Incredibly, the year 1978 birthed not one but two movies about dogs serving supernatural villains, the theatrical feature Dracula’s Dog (also known s Zoltan, The Hound of Dracula) and the made-for-TV thriller Devil Dog: The Hound of Hell. In the telefilm, familiar actors trudge their way through a ridiculous plot, the titular canine accrues an impressive body count, and the whole thing culminates in a low-rent FX sequence that feels like an excerpt from a fever dream. In a too-brief prologue, a Satanist (Martine Beswick) and her accomplices purchase a female German Shepherd from a breeder, then hold a ritual in which Satan is summoned from Hell in the form of a dog to breed with the unfortunate Shepherd. Then the movie introduces businessman Mike Barry (Richard Crenna) and his family—wife Betty (Yvette Mimieux), daughter Bonnie (Kim Richards), and son Charlie (Ike Eisenmann)—in their quiet suburban neighborhood. The family dog is killed in a mysterious hit-and-run accident, and soon afterward one of the Satanists (R.G. Armstrong) turns up in the guise of a traveling fruit vendor who just happens to have adorable German Shepherd puppies available for free adoption. Mike’s kids fall in love with one of the pups, so the dog is given the name “Lucky” and welcomed into the Barry home.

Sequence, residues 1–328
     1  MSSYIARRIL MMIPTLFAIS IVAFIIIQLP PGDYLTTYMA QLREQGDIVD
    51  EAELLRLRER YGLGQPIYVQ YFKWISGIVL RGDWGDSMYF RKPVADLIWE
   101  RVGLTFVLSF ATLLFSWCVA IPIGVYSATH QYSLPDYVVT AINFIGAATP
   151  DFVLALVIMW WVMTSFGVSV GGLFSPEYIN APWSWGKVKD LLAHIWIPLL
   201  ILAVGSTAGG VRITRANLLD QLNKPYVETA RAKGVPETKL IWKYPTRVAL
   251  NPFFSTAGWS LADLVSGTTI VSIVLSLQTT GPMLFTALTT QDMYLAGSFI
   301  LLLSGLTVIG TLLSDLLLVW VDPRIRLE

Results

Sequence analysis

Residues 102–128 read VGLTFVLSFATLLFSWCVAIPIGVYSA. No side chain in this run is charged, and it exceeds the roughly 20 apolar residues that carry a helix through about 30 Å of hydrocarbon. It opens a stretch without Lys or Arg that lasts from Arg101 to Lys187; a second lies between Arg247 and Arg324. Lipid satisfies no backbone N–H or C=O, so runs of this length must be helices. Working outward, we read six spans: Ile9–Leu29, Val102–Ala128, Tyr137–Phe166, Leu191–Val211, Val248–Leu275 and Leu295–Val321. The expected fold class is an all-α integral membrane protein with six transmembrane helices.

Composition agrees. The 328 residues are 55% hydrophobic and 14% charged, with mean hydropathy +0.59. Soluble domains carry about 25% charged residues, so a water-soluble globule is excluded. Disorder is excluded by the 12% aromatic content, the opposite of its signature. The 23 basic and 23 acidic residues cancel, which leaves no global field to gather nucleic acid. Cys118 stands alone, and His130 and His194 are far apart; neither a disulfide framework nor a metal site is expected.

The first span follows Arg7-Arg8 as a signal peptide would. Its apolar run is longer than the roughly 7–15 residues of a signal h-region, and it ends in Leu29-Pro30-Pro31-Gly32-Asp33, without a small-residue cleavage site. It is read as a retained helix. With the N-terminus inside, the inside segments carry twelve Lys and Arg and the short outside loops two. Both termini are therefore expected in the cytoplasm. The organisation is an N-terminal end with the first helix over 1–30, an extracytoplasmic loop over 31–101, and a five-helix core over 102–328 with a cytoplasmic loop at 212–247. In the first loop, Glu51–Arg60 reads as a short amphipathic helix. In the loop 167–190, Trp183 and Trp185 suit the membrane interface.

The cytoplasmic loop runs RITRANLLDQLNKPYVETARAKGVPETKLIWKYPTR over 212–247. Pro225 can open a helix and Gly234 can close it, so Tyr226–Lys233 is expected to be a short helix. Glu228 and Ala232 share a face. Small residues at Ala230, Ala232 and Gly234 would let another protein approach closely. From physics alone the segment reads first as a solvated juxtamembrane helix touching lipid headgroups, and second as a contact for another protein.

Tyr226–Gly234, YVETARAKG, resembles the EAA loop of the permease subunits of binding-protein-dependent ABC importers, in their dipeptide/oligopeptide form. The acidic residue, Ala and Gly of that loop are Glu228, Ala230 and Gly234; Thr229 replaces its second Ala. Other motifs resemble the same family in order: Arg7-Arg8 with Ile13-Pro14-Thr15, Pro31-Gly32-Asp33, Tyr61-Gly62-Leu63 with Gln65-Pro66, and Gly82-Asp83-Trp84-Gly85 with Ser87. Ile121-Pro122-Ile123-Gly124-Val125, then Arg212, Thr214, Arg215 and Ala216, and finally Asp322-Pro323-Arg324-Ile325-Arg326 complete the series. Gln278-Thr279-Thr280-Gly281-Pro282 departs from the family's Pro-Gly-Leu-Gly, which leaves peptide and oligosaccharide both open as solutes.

Weird things start happening immediately, and then people start dying in horrific ways after crossing paths with Lucky. Naturally, Mike is the only person to make the connection, because his loved ones fall under Lucky’s unholy spell. Cue the usual drill of Mike saying to people, “I know this sounds crazy, but . . .” The storyline eventually reaches cartoonish levels of absurdity, as demonstrated by the scene in which Mike tries with no success to kill Lucky with a gun, and the bizarre passage during which Mike travels to Mexico (!) to find an ancient wise man (!!) who tattoos a magical pattern on Mike’s hand (!!!). And we haven’t even gotten to the FX stuff yet. As directed by horror veteran Curtis Harrington, Devil Dog: The Hound of Hell isn’t quite as zippy as it sounds, but the sheer silliness of the endeavor guarantees a high kitsch factor. Crenna looks uncomfortable in every scene, like he’s got a charley horse he can’t shake, and it’s a kick to see Eisenmann and Richards—the kids from Disney’s Witch Mountain movies—acting together in a lesser-known project.
Devil Dog: The Hound of Hell: FUNKY